I came across a HuffPost article that described the discrepancy between rates of depression in black women and their access of mental health treatment. A CDC study quoted in the article leads to the conclusion that while black women are more likely than both their male and white counterparts to suffer from depression, they are less likely to see mental health services and remain in treatment. The article notes several factors that might contribute to this phenomenon: lack of or not enough insurance, shame, lack of knowledge about what depression is, stigma, and the idealized “strong black woman.”
The article includes this poignant quote from Melissa Harris- Perry:
Through the ideal of the strong black woman, African-American women are subject not only to historically rooted racist and sexist characterizations of black women as a group but also a matrix of unrealistic interracial expectations that construct black women as unshakeable, unassailable and naturally strong.
I have to tell you, those words hit me like a ton of bricks. Even though I have spent my whole adult life thinking and learning about mental health, this sounded like me. I have struggled with what it would mean to seek help for myself, even as I spent my days providing that help to others. How many of us have felt the pressure to be “unshakeable, unassailable, and naturally strong”? How many of us have been screaming on the inside and smiling on the outside? We pride ourselves on being superwomen, and get pats on the back when we never have to ask anyone for help. I know it isn’t all of us, but I also know it’s far too many. It might not be you, but it might be that girlfriend that you see every once in a while, and you keep thinking, something just isn’t right. It might be your sister, who always looks run down and tired, but always says she’s “ok.” This post isn’t just about mental health. This is about us taking care of ourselves, and each other. If you know something isn’t right, ask about it. If you see that a friend looks down, don’t look the other way. You might be the help she needs. Maybe it is depression and maybe she needs a therapist. Maybe she needs a sista-friend that she can’t be honest with when everything isn’t peachy. Maybe she needs a sounding board where she can say “This is hard sometimes!”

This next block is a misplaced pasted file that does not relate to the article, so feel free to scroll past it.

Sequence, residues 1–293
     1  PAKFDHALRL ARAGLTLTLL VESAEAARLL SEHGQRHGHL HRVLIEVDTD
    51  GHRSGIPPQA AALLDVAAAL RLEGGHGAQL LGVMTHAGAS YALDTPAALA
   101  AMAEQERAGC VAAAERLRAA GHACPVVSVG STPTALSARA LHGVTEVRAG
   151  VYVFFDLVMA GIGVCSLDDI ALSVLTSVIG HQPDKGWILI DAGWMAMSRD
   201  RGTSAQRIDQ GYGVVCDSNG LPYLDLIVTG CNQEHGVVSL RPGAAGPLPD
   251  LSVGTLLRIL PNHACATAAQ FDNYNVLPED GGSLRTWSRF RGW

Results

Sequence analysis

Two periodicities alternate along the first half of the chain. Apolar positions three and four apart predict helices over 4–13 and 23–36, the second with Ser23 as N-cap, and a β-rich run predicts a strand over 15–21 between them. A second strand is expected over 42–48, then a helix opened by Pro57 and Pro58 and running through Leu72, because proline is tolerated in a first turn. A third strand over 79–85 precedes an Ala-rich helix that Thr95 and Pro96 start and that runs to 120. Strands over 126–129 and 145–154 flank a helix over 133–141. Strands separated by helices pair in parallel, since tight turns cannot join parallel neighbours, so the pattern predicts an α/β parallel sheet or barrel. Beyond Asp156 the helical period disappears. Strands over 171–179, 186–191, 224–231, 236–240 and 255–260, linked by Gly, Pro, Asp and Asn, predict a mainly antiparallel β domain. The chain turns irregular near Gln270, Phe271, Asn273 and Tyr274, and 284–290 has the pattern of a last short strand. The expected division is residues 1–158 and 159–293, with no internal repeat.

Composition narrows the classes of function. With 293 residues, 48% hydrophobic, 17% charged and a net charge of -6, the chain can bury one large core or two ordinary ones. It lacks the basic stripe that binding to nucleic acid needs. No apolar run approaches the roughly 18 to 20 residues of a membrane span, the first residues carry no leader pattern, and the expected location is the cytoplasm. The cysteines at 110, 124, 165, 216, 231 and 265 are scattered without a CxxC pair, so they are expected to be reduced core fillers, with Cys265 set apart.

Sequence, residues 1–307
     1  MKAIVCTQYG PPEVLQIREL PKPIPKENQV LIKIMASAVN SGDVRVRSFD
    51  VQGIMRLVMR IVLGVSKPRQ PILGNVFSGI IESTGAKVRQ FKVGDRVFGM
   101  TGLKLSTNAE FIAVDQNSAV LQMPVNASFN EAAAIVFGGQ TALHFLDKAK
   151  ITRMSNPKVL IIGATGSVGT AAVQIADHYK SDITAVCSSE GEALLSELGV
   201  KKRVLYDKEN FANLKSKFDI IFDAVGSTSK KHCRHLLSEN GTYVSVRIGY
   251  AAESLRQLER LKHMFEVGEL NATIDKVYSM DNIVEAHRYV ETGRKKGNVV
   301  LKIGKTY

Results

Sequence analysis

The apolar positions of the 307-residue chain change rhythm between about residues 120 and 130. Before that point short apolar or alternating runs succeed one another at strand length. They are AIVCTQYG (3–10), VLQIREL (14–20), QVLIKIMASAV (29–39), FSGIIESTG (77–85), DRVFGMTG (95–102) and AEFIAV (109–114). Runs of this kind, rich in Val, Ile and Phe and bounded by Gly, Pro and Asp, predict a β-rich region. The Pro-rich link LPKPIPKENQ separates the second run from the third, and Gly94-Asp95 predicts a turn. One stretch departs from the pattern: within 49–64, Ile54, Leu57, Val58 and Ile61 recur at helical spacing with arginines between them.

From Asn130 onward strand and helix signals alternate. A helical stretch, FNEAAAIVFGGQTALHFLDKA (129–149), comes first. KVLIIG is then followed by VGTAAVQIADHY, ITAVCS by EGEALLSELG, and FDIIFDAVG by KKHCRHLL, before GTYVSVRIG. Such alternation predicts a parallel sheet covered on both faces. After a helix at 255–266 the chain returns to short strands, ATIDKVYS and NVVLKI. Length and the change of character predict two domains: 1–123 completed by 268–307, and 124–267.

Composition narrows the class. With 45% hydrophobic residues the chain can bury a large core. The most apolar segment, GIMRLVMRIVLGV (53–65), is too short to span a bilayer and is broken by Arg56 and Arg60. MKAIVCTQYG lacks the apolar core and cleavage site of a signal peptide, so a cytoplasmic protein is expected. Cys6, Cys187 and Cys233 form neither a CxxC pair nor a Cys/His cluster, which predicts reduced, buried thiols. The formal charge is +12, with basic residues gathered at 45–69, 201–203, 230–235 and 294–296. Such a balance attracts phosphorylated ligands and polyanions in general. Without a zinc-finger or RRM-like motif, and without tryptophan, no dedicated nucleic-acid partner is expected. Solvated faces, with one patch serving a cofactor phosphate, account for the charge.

What I know, is that as long as we try to be 24/7 superwomen, we are in the fight of our lives. Despite our greatest efforts, we are human beings. Human beings get worn out when they don’t care for themselves. Human beings get depressed when they spend all their energy caring for others ,and have none left to care for themselves. A while ago I taught a class on self-care for ministers, and I used these two images to show the difference between pouring out endlessly into others (left), and the health of caring for yourself while you care for others (right). In the left picture, you can see that eventually, the pitcher will be empty. In the right picture, you can see that because they flow into each other, none of the vessels will run dry. Which one of these is you?
This issue is not just for black women, it’s for all of us! For me, this is a daily battle. I feel the pressure of needing to be a professional woman, take care of my household, be active in my church, and all the other things that I do. I love to do these things, and if I do those things that I love without caring for myself, eventually I will end up empty and do nothing well. So for me, this means I owe it to myself and the people I care about to take intentional time to look inward and take care of me. It makes me a better wife, daughter, therapist, friend, teacher, and community member. What I do for me depends on what I need- sometimes it’s just a girls’ night, or making myself go to the gym because I know afterward I’ll feel like I new woman. Sometimes it’s letting myself be cared for without guilt, and sometimes it’s going to see a therapist. Let’s stop wearing fatigue like a medal of honor. Let’s stop cursing our humanness as weakness. Let’s strive for wholeness, wellness, and peace!
Thanks for reading, and make Well Choices.